After a year of hunkering down, the country is about to bask in the biggest boom in nearly four decades. But the scars of the pandemic linger.
By summer, most American adults should be vaccinated, and life is expected to return to something approaching normal as people eat in restaurants, hop on a plane, or catch a game at Fenway Park. Getting out of the house for work and recreation will swell the economy, juiced by another big federal stimulus program and trillions of dollars in savings that consumers are eager to spend.
Yet that rosy outlook isn’t reflected in the sentiments of many local employers who would benefit greatly from a post-pandemic resurgence. Hammered by COVID-19 shutdowns, they remain wary after earlier forecasts about the trajectory of the disease proved too optimistic.
Instead of the rapid rebound projected by economists, these employers — from small business owners to big institutions such as hospitals and universities — expect a more gradual recovery marked by fits and starts. So they’re ramping up slowly and delaying hiring decisions until the picture is clearer.
Massachusetts is digging out of an especially big hole. We were among the first states to shutter our economy last March to contain the coronavirus. And now, as other states such as Connecticut and Texas lift most pandemic restrictions, we’re likely to be among the last to reopen. The state ended 2020 with 335,000 fewer jobs than the year before, a 9.1 percent decline that was the fourth-largest in the country.
“It is going to take time. It is not going to be flicking a switch and bringing us all back,” said Chris Crompton, general manager of Old Town Trolley Tours in Boston.
Typically, at this time of year, Crompton would be gearing up for the spring and summer tourism season, expecting to hire about 120 workers. Even with Governor Charlie Baker’s decision to move to the final phase of reopening by the end of the March, Crompton is planning to bring back just 25 to 30 people.
He doesn’t expect international tourists to return this year and domestic travelers may still be wary of getting on a plane. He forecasts his trolley fleet will carry only 150,000 passengers this year — about half what the company did in 2019.
“It is nothing like a normal year,” said Crompton.
Employment gains typically lag behind overall economic growth after a recession. In times of stress, businesses figure out ways to operate with fewer workers.
Moreover, the COVID recession took a more painful toll on employment than on the production of goods and services as those with means kept buying. While economic activity is poised to fully recover by June, most economists don’t expect jobs to return to pre-pandemic levels until 2023. Restaurants, hotels, and other travel- and entertainment-related businesses will be the last to make it all the way back.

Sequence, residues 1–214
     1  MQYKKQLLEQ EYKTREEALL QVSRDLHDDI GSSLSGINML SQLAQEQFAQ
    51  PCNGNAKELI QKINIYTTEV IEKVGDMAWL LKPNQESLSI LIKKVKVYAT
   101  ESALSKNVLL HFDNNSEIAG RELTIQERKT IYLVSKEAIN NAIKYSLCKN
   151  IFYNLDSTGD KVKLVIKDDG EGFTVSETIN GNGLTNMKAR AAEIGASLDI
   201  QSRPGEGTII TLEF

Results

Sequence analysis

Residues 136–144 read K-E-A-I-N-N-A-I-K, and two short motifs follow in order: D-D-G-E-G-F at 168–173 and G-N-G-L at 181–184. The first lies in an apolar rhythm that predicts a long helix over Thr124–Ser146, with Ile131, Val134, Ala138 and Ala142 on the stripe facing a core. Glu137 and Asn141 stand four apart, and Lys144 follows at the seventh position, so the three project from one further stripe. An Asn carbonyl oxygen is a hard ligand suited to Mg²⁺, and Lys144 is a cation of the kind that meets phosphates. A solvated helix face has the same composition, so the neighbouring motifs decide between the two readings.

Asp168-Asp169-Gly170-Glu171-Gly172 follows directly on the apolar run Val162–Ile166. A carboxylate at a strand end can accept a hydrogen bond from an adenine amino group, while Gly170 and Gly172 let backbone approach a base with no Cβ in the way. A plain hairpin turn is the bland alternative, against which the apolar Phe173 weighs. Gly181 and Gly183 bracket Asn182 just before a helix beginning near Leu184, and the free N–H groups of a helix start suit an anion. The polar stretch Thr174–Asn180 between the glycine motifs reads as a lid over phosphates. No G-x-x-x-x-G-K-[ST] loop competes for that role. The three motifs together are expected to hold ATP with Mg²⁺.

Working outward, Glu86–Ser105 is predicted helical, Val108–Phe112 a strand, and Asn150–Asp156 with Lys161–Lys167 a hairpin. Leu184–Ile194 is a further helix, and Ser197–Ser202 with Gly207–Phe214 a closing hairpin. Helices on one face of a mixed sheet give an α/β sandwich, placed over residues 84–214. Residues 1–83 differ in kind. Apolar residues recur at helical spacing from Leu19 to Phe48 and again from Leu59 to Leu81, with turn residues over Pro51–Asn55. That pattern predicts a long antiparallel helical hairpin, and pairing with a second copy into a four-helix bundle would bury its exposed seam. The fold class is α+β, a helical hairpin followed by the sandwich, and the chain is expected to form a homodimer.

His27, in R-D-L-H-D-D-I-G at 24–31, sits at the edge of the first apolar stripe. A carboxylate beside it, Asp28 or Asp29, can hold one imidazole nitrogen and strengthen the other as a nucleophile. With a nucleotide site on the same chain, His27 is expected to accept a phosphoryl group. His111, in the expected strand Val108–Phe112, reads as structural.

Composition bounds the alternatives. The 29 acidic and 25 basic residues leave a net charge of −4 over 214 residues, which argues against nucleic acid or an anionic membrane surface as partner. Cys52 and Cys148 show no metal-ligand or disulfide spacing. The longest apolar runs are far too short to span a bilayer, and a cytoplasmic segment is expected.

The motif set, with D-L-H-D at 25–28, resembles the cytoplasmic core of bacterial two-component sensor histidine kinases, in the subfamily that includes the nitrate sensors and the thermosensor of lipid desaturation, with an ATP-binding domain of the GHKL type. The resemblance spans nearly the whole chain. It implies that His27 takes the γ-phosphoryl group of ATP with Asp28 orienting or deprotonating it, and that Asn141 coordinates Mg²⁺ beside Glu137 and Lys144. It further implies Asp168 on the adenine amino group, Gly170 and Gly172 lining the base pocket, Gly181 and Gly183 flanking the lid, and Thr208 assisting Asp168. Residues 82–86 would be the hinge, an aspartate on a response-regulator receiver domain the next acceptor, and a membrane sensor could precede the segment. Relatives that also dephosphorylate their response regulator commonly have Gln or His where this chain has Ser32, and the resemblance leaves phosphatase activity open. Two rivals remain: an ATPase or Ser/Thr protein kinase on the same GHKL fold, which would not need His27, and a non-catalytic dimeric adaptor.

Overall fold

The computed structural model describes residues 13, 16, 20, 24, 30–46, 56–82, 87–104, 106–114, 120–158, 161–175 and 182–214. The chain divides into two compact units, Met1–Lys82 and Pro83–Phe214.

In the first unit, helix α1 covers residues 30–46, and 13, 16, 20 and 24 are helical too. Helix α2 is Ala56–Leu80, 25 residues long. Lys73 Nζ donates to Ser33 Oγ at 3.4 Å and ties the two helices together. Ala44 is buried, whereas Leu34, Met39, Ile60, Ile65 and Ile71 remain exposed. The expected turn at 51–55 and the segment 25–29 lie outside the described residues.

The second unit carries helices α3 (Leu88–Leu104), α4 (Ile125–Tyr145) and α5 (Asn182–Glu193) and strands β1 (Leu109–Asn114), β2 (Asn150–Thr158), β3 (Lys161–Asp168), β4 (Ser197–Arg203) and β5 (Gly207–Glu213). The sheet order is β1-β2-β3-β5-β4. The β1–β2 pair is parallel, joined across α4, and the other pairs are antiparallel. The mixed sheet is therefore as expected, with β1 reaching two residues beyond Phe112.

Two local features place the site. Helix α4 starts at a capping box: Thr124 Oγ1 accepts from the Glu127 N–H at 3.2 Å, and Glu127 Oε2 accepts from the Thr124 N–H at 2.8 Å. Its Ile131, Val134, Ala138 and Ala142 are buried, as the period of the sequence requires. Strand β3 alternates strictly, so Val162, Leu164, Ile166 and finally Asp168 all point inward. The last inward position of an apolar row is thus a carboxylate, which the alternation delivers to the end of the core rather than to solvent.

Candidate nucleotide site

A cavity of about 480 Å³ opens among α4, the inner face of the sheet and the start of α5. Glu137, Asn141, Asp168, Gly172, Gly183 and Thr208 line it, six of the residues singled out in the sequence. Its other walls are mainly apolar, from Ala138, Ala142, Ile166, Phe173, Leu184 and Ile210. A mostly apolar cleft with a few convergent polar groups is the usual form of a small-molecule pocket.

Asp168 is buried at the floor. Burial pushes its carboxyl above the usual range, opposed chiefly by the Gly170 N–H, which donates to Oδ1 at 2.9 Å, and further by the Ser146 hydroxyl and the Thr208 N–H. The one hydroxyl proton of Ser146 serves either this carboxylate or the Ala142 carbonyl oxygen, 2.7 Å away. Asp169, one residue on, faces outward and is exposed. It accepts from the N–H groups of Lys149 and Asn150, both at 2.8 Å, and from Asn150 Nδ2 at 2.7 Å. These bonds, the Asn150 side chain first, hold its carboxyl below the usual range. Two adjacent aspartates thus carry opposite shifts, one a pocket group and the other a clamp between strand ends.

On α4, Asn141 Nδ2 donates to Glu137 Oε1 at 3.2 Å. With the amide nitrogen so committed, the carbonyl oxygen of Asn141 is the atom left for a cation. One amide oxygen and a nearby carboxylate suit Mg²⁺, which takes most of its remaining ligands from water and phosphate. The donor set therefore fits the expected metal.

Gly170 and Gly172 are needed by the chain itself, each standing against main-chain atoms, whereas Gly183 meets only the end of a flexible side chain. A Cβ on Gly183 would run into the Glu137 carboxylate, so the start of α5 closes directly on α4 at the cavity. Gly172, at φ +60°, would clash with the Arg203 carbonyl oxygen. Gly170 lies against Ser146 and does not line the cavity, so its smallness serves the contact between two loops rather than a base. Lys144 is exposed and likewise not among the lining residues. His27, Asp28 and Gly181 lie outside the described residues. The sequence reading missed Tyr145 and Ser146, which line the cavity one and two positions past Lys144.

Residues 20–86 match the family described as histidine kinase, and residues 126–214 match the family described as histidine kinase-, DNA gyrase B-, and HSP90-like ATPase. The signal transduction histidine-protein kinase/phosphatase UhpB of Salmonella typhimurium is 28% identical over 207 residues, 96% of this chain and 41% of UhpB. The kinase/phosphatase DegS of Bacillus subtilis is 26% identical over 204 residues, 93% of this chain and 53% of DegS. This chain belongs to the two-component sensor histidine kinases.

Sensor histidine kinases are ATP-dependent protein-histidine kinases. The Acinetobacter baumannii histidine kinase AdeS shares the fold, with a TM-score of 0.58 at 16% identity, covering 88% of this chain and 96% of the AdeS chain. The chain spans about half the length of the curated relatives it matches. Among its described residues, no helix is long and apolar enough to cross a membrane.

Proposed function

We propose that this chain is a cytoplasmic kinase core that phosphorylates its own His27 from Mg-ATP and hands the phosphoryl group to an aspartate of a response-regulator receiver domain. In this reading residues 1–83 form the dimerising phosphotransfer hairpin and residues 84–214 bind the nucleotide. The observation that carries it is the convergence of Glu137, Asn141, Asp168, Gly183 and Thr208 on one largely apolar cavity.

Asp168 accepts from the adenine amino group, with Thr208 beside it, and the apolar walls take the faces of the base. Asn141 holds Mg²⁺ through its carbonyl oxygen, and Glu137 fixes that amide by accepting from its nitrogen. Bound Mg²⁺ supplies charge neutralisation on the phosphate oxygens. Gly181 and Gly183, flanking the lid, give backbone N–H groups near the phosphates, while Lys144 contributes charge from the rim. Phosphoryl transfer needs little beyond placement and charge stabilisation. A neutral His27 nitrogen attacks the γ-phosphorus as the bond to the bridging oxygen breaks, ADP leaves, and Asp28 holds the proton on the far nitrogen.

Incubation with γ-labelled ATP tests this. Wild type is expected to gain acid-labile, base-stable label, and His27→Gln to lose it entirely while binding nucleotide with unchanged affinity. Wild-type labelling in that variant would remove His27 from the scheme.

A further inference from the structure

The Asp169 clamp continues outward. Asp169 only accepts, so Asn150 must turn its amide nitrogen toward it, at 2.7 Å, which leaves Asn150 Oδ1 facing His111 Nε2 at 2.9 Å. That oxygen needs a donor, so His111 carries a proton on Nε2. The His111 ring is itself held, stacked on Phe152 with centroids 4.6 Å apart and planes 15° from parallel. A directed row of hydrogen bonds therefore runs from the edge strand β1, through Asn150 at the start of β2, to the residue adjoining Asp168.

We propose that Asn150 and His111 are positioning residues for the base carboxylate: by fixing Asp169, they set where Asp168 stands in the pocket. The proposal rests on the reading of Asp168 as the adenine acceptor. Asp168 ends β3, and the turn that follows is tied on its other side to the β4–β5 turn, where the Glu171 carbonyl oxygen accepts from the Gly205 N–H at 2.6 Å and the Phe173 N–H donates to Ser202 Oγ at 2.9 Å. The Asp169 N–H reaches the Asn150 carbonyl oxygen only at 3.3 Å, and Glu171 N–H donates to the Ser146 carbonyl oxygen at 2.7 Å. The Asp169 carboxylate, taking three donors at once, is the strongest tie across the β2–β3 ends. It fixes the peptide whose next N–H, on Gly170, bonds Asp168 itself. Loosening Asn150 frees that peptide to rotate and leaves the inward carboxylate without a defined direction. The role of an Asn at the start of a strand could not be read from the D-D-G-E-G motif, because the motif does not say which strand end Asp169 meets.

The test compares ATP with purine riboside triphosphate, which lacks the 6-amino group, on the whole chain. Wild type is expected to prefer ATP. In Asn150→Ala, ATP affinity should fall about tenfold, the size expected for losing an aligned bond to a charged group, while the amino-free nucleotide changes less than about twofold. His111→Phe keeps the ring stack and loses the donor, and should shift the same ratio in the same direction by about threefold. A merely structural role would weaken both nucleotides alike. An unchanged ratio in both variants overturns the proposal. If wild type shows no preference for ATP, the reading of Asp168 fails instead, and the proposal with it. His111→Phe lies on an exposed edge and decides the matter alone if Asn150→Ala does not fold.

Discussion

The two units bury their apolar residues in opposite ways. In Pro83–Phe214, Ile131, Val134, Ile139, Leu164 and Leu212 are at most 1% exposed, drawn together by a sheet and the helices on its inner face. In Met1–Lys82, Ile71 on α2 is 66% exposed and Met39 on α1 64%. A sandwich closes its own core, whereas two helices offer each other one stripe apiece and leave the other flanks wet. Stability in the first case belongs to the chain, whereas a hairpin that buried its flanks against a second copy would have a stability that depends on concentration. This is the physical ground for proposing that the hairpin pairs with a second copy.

The Labor Department’s February employment report, released on Friday, offered reasons to be optimistic, but it also underscored the continuing distress in the job market. Employers added a bigger-than-expected 379,000 jobs last month, led by the leisure and hospitality sector, which the pandemic had wrecked. The unemployment rate edged down 0.1 percentage point to 6.2 percent.
But leisure and hospitality jobs are still one-fifth below February 2020 levels, and the ranks of the long-term unemployed — people who’ve been out of work for 27 weeks or more — was mostly flat at 4.1 million. That’s 3 million more than a year ago.
“February was OK but at that pace would take 4½ years to recover,” Jason Furman, a Harvard professor and former chairman of the Council of Economic Advisers under Barack Obama, said Friday on Twitter.
It took nearly a decade after the Great Recession for payrolls to fully bounce back. The post-pandemic jobs recovery isn’t expected to take nearly that long, but there are concerns — no one is really sure how quickly people will feel comfortable sitting in a busy restaurant or on a fully booked airplane, and whether variant strains will prolong the public health crisis.
“That’s a huge question for economists to project: How confident are people that they’re safe?,” said Mark Melnik, director of economic and public policy research at the UMass Donahue Institute in Amherst. “That will naturally slow the recovery on some level for things like restaurants and live venues.”
Consumer-facing businesses — which rely on lower-wage workers — say they are being cautious about hiring, waiting to see how fast customers return before making big commitments. In contrast, businesses that continued to run remotely didn’t cut back nearly as much. Their worry is the same as it was before COVID: finding workers with the skills needed for knowledge-based jobs.